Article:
Linear strip brushes
Linear strip brushes are used for:
- accident-prevention barrier in machine tools
- barrier for chips, dusts, fumes
- scraping of surfaces
- soundproofing of moving machine parts
Linear strip brushes have variable base thickness B as shown in the table. The length L is unrestricted, as the brushes are continuously produced from strip. For the total height H, the limitations given in the table apply.
Linear strips with double tapes are not normally produced.
Linear strips dimensions (mm)
Two types of profile are available for the installation of the linear brush, which is made of sturdy zinc-coated iron sheet. Type (a) must be welded to the metal support, while type (b) must be mounted with screws. The available dimensions are shown in the table. The standard length is 1000 mm.
- A: aluminium
- AN: black anodised aluminium
- S: zinc-coated iron
- X: stainless steel
Dimensions Type guide (a)
Dimensions Type guide (b)
Linear strips can also be used to reduce noise in machines that have moving parts and therefore cannot be shielded with rigid elements.
In order to find out the degree of acoustic insulation of the strip brushes, we constructed a special test apparatus, where the noise source was a compressed air nozzle. The results are shown in the table, where R is the degree of sound insulation expressed in dB(A).
It can be seen that sound insulation is highest with smooth filaments and lowest with wavy filaments, regardless of the material. These results can only be achieved by carefully installing the brushes and making sure that there is contact between brush and surface.
Linear strip sound insulation [dB(A)]
|PA 66 0.30 plain||8.2|
|PA 66 0.50 plain||7.1|
|PA 66 1.0 plain||5.7|
|Steel plate 1.1x0.25||5.1|
|PA 66 0.30 wavy||1.5|
|Brass 0.30 wavy||1.2|
|Wavy AR 0.30 steel||0.7|
|Wavy AR 0.50 steel||0.7|
The special feature of the brush is that the work surface is made up of millions of individual elements, which are the ends of the individual filaments.
This gives the brush an adaptability that no other element, however deformable, can have.
It depends on various factors. In a nutshell, it can be said that 2 mm is a good compromise. The important thing is that the filaments of the brush work “at the tip” and not on the side.
Depending on the materials used and the dimensions, there is a tensile limit load that a single bunch can withstand.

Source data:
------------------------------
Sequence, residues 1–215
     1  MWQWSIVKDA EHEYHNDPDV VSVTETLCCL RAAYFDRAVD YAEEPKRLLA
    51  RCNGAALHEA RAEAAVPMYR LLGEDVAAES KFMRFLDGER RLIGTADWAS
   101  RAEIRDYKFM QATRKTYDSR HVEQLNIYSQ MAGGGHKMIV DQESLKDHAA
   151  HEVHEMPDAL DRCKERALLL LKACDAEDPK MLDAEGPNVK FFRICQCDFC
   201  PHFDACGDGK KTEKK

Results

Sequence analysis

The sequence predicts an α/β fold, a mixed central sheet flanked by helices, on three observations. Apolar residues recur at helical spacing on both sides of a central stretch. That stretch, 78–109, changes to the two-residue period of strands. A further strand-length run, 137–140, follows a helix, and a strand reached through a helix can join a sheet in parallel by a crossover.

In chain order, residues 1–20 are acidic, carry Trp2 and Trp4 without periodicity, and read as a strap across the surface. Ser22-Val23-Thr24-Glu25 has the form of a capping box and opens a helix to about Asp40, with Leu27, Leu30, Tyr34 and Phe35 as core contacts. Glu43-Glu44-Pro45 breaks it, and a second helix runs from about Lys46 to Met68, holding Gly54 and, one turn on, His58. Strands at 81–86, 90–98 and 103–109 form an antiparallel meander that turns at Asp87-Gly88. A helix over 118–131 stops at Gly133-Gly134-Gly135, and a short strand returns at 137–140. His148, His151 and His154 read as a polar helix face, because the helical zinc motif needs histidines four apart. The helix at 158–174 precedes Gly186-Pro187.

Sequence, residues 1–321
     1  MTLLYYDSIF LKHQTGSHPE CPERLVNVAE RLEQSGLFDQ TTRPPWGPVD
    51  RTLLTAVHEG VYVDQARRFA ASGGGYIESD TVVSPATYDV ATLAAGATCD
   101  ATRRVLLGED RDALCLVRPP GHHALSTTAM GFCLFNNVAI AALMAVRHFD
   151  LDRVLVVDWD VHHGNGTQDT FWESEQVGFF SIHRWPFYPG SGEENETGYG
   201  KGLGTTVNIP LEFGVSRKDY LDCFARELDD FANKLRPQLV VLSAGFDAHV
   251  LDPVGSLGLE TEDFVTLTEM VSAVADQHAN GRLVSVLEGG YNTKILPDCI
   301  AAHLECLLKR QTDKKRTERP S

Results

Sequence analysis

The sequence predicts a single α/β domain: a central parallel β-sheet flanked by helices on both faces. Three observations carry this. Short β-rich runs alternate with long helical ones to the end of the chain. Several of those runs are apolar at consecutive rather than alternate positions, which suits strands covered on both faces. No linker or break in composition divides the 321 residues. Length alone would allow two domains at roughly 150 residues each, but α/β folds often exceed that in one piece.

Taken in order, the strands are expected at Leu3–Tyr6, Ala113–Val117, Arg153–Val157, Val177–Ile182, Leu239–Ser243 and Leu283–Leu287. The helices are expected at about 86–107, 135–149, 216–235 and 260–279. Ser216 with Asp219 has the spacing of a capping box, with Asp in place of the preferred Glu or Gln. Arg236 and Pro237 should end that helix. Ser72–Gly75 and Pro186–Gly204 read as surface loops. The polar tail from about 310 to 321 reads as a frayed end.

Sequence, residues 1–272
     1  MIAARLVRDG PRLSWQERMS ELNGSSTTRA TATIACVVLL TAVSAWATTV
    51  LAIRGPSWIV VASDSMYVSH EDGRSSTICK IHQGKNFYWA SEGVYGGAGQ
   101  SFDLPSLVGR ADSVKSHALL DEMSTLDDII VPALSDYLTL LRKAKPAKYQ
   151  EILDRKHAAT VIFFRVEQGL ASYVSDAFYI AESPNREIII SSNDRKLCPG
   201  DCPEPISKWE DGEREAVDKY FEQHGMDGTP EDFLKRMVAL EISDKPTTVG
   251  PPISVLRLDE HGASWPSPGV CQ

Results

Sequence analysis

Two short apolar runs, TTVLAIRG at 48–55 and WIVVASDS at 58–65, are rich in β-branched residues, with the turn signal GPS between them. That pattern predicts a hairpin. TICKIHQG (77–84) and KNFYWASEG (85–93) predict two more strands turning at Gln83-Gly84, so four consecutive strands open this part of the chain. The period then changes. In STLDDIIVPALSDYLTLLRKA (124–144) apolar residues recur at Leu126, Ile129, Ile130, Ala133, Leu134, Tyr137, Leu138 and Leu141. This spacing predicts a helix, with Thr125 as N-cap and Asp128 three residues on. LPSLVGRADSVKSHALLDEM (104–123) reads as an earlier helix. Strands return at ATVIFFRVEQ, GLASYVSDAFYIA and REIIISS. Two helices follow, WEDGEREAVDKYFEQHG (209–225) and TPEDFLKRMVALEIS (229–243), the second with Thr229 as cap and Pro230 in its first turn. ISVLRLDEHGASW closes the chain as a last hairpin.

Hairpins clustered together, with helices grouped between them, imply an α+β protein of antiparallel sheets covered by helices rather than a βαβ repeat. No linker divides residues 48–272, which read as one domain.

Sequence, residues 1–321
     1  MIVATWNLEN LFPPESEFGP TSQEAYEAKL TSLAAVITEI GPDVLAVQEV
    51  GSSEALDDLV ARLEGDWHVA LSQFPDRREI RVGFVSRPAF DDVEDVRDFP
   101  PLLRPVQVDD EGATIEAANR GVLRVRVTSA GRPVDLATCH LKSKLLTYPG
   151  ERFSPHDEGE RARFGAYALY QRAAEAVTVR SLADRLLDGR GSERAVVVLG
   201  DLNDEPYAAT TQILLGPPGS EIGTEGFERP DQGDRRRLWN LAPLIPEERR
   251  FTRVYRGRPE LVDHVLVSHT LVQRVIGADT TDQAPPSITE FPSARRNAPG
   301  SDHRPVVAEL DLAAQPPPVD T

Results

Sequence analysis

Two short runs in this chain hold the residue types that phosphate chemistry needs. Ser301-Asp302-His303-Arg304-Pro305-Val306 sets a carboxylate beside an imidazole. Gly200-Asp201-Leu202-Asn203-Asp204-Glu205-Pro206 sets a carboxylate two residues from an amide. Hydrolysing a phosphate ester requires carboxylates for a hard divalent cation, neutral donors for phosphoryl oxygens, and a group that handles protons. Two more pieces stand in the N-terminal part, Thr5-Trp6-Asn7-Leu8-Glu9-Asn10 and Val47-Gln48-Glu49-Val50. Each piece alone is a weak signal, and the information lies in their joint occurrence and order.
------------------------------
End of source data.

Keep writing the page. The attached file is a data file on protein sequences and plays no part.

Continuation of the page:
Beyond this limit the bunch comes off, therefore the brush must be calculated according to the use. This limit can be greatly increased by building “sewn” or “tied” brushes by hand, where a continuous steel wire is placed instead of a single anchor element.
There is no single answer. Speaking for example of cylindrical brushes, the strip brush is generally cheaper when dimensions are important (e.g. over one meter in length). For small dimensions, punched brushes are certainly more suitable and convenient.
It can only happen if the brush has a manufacturing defect, like any other type of object (e.g. a roller made with silicone flakes, one of which is defective and breaks).
When it is important that no contamination occurs, it is advisable to use synthetic (non-natural) fibers with a diameter greater than or equal to 0.15 mm.
Virtually all degrees of hardness can be had, from very soft to very hard. In fact, the hardness is given by the combination between the diameter of the filament, its free length and the density of the bunches.
Of course, we can provide FDA or FOOD GRADE certifications and filament traceability.
Unfortunately not, as it is the machine + brush assembly that must be ATEX certified, not just the brush.
It is however possible to provide the materials that the certifier requires, eg. conductive bases, conductive filaments etc …
Generally speaking it is possible, but it is necessary to evaluate if it is economically convenient, and it is not always. Furthermore, in the case of a punched brush, it is not advisable to regenerate the brush more than twice in order not to reduce the holding of the bunches.